We are justifiably proud in the Bexley/Bexleyheath area about our local hero ...

Team Rector’s Letter                                   September 2019

The Other William Morris!

 

We are justifiably proud in the Bexley/Bexleyheath area about our local hero William Morris, British textile designer, poet, novelist, and driving force of the Arts and Crafts movement. William Morris was at one time the owner of the beautiful Red House in Bexleyheath. He delighted in traditional methods of furniture and fabric production, examples of which can be seen in the house, now owned by the National Trust.

 

But I have discovered a man by the same name recently, another William Morris, and I think his story should be told.

 

The ‘other William Morris’ was born in 1877 in a terraced cottage in Worcester. William’s family moved to Oxford while he was still a small child. Leaving school at the age of 15 Morris was apprenticed to a local bicycle-seller and repairer. Nine months later, after his employer refused him a pay increase, he set up a business repairing bicycles in a shed at the back of his parents' house. This was such a success that he opened his own shop and began to assemble as well as repair bicycles. Soon he expanded his business to motor cycles and cars. In 1912 he designed a car, the famous "bullnose" Morris. He loved his work. His business prospered. His fortune was made!

He was given the title of Viscount Nuffield, yet William lived very simply, with his wife of many years; they had no children. He mended his own shoes and gave much of his money away by founding charitable institutions. In 1937 he gave £50,000 to fund the expansion of the Sea Cadets, and also donated £60,000 to Birmingham University for their Nuffield building. In December 1938 he arranged that hospitals be given mechanical respirators known as an ‘iron lung’ to keep victims of the disease of polio breathing. These were to be made in his car factories; over 1,700 were distributed and they were distinguished by the fact that they were opened with a car handle!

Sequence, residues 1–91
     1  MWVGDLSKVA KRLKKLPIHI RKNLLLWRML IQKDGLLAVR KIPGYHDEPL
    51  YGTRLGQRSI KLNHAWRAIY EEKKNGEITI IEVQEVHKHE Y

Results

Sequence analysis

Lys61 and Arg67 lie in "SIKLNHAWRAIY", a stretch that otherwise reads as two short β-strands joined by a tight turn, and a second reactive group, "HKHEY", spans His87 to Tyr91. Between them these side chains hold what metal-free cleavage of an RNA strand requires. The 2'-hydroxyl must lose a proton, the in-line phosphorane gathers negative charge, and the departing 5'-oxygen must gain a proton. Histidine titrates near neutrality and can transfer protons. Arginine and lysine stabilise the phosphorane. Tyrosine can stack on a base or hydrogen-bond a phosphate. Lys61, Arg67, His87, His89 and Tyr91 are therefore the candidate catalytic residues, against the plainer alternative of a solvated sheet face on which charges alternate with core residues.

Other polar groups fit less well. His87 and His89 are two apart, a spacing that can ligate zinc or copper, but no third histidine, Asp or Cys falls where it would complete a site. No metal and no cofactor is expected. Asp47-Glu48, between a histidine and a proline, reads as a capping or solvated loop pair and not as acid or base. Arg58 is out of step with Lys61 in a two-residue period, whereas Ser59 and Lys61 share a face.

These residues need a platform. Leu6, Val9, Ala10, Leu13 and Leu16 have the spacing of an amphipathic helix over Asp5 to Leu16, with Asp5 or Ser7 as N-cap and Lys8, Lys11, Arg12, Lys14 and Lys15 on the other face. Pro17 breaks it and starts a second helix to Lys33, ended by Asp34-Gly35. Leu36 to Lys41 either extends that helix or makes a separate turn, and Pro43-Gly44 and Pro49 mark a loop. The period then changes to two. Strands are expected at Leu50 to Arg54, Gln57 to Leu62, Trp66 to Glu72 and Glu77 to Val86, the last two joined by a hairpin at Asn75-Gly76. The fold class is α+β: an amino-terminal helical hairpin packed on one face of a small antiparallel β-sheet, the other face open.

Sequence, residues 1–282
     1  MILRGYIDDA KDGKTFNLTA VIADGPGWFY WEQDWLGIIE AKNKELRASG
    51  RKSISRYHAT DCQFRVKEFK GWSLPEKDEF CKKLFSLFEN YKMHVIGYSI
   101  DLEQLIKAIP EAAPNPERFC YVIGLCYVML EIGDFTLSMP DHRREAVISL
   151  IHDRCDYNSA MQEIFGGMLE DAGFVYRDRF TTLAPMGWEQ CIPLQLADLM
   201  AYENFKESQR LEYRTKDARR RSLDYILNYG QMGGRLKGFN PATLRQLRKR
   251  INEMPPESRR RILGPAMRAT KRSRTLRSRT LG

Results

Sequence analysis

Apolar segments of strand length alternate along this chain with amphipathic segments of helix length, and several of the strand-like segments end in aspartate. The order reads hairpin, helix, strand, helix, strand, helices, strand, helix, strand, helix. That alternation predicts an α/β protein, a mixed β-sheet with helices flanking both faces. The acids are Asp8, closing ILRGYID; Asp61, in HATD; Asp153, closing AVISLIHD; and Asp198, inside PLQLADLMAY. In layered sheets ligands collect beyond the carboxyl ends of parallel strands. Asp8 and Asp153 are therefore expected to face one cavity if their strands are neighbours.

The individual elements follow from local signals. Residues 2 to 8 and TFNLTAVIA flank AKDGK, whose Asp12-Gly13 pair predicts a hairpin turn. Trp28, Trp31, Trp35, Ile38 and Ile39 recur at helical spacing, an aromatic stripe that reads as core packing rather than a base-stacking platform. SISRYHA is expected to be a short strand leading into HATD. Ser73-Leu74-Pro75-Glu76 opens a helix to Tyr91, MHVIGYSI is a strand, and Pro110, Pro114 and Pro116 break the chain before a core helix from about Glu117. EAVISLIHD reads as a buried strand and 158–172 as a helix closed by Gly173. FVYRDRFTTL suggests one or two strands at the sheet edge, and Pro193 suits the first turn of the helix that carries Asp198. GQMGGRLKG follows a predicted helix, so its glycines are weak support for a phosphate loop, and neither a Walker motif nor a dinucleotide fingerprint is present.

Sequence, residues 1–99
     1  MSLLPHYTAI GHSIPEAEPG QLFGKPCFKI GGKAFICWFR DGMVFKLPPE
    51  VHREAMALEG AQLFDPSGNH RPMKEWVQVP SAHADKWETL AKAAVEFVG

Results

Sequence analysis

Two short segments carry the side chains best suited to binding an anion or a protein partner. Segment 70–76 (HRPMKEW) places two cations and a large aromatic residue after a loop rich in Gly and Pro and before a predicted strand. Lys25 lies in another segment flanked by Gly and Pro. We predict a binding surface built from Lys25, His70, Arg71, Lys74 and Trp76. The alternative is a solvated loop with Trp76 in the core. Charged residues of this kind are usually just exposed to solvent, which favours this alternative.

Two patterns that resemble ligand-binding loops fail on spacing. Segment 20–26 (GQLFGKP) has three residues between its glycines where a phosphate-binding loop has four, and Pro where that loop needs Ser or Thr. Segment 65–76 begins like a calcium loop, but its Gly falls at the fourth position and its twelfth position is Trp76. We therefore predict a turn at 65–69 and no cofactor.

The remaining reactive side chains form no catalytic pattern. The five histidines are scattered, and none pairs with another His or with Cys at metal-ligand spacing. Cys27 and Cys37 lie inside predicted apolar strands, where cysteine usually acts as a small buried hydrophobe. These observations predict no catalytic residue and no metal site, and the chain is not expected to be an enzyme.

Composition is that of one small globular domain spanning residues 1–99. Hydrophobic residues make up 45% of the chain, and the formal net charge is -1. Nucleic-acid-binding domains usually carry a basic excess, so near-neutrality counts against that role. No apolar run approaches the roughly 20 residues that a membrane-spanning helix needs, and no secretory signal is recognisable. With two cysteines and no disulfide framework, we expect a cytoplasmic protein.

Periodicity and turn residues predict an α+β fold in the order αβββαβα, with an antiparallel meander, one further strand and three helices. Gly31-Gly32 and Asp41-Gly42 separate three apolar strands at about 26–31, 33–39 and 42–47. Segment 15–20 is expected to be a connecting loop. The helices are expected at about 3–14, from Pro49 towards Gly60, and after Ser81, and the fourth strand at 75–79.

William Morris also founded the Nuffield Foundation in 1943 with an endowment of £10 million in order to advance education and social welfare. He was the founder of Nuffield College, Oxford.

 

As we consider the ‘conspicuous consumption’ of much of the world today, the generosity of one wealthy man – William Morris – should give us food for thought.

 

Reverend Ren Harding (Team Rector)

contact me at Joydens Wood Vicarage,

6 Tile Kiln Lane, Joydens Wood, Bexley, DA5 2BB  

01322-528923                         renharding@hotmail.co.uk


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